Lauren Peruski, DO
You’re called to the bedside of a patient who, just hours prior, was recanalized through a successful endovascular thrombectomy. The patient has worsened by more than four points on the NIH Stroke Scale, in addition to worsening by more than two points on the Glasgow Coma Scale, since their last neurologic assessment. You consider the numerous, known complications of post-endovascular thrombectomy care, including reperfusion injury, hemorrhagic transformation of infarcted tissue, artery perforation/dissection, and recurrent ischemic stroke. Repeat vessel imaging confirms vessel integrity. MRI of the brain shows edematous change extending beyond the infarct core, accompanied by contrast staining. Over the next two weeks, the patient recovers from these deficits, and continues to improve from a stroke standpoint as well.
This case provides an example of contrast-induced encephalopathy (CIE), which is a rare neurologic complication that occurs during or after the use of contrast medium in various angiographic procedures. It is suspected that CIE occurs secondary to a number of mechanisms including underlying blood-brain barrier disruption, hyperosmolarity, and direct neurotoxicity from contrast medium. Clinically, patients with CIE may experience encephalopathy, motor or sensory deficits, visual disturbance, aphasia, or seizures within hours of EVT. In this brief report, the incidence and risk factors of CIE were examined in patients who underwent endovascular thrombectomy (EVT).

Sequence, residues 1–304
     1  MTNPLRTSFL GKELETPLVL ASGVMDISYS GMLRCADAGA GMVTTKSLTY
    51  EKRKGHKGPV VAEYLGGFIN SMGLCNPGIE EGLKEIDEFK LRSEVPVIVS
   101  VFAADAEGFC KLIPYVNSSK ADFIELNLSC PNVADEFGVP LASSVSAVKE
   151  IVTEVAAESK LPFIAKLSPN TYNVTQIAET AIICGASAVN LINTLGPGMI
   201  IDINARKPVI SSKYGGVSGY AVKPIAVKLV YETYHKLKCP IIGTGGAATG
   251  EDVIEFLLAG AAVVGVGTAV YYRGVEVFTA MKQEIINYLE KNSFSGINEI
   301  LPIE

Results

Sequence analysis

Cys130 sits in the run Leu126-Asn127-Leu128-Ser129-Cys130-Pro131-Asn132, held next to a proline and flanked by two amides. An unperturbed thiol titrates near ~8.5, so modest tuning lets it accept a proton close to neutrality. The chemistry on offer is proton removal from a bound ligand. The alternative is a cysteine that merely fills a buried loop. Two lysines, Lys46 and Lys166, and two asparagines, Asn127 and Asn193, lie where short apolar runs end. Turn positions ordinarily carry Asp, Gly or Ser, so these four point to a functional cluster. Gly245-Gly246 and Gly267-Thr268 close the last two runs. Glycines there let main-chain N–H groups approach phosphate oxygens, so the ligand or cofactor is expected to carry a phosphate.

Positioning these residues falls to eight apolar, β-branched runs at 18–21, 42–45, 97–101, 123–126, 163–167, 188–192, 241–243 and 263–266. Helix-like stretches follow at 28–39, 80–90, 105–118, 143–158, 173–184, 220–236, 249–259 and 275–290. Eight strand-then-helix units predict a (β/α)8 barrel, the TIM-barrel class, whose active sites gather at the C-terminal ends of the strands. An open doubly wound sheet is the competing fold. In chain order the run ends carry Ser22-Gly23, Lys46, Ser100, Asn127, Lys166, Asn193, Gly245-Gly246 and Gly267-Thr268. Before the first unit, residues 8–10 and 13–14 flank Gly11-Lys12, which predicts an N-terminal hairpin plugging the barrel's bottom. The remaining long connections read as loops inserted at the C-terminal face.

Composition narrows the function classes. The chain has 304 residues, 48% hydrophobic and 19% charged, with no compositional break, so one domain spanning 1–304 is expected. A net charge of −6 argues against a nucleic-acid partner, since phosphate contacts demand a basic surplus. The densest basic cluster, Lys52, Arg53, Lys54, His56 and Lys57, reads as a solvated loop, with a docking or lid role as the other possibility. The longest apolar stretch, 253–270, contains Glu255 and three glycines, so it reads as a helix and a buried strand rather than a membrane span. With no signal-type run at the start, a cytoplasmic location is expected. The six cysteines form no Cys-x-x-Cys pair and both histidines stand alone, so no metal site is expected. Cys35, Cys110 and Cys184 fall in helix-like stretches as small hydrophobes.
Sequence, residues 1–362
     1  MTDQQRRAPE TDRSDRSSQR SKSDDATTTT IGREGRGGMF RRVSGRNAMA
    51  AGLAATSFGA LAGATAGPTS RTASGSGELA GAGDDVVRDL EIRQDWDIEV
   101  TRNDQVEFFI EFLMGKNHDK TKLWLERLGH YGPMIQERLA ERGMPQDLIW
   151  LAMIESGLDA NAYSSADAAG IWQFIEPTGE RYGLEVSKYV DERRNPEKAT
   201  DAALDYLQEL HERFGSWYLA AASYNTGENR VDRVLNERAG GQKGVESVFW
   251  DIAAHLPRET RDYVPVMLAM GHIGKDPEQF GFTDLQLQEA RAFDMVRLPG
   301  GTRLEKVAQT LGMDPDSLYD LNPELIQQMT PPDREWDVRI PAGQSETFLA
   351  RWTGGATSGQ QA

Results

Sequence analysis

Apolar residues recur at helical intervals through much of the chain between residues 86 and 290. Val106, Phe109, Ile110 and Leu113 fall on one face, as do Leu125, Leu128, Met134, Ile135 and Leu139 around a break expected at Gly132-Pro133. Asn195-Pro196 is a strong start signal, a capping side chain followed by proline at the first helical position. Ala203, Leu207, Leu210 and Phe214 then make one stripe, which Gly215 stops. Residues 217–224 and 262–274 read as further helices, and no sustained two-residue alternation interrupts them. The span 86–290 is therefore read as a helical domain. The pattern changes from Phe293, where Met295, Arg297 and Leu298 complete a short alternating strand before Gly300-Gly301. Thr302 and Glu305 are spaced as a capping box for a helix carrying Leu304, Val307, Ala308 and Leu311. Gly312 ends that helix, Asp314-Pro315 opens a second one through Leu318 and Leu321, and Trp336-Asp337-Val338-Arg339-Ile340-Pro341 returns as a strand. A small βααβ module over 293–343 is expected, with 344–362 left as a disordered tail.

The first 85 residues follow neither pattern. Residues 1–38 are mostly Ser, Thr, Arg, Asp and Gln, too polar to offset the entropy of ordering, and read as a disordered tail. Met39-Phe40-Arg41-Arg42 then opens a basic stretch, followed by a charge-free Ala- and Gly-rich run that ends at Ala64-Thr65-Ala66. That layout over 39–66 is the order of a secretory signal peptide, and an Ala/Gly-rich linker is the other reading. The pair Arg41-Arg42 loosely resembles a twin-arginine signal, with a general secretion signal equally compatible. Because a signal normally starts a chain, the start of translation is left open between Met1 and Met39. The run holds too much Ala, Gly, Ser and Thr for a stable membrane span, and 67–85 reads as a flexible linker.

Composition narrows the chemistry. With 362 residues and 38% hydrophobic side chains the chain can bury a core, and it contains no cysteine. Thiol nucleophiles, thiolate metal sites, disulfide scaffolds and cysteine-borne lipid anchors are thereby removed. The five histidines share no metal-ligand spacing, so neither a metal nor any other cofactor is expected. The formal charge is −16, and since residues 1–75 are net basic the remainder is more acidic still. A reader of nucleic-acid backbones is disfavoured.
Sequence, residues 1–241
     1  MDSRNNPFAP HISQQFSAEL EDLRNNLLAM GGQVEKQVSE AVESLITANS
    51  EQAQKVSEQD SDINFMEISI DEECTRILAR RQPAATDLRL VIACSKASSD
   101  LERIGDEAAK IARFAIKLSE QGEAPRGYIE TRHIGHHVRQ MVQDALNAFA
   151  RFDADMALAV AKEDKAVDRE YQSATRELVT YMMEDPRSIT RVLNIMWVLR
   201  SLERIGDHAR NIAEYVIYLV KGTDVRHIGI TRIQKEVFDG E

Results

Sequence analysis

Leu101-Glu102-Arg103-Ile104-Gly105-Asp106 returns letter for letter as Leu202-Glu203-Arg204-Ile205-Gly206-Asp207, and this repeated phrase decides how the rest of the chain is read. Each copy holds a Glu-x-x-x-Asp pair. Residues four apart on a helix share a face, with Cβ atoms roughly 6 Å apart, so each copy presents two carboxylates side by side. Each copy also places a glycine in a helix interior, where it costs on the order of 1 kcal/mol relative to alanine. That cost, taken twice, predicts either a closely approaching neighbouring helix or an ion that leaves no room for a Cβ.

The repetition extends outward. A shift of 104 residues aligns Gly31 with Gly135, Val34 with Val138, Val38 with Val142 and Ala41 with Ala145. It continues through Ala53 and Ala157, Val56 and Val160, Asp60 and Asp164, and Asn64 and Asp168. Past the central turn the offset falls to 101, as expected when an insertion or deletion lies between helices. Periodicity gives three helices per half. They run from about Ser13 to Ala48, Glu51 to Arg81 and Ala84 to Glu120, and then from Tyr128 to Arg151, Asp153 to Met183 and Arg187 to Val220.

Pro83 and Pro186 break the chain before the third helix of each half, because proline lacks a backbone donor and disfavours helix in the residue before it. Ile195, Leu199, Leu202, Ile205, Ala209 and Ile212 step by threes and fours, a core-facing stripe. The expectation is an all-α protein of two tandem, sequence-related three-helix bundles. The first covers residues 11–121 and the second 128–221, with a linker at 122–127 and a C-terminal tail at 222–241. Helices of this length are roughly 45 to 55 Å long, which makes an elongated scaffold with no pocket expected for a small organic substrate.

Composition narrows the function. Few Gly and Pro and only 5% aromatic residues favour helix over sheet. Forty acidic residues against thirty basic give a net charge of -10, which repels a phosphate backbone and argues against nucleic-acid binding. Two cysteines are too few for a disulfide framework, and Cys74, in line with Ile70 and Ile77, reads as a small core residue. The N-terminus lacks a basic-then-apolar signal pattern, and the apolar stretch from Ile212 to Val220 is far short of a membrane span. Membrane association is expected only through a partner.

CIE was defined using specified clinical and radiologic criteria within 24 hours of EVT. Clinical criteria included an increase of ³4 on the NIH Stroke Scale or a decrease of ³2 on the Glasgow Coma Scale. As an alternative, patients were allowed to be examined in this study if they displayed delayed improvement after EVT that was unexplainable by an alternate etiology. Radiologic criteria were defined as edematous change extending beyond the infarct core accompanied by contrast staining.
Between September 2014 and December 2019 at two tertiary hospitals, 421 patients received EVT, and seven patients were diagnosed with CIE (incidence of 1.7%). The main risk factors identified were renal dysfunction and history of previous stroke. Follow up imaging revealed resolution of cerebral edema, with a time to recovery ranging between two days to several weeks. These patients were managed with “supportive” care; however, the treatment of CIE was beyond the scope of this publication.
To summarize, CIE should be on the differential diagnosis for any patient who worsens clinically following EVT, and who has imaging consistent with contrast staining and edematous changes. Suspicion should be especially high in those patients with a history of previous stroke or renal disease, as these are risk factors for the development of CIE.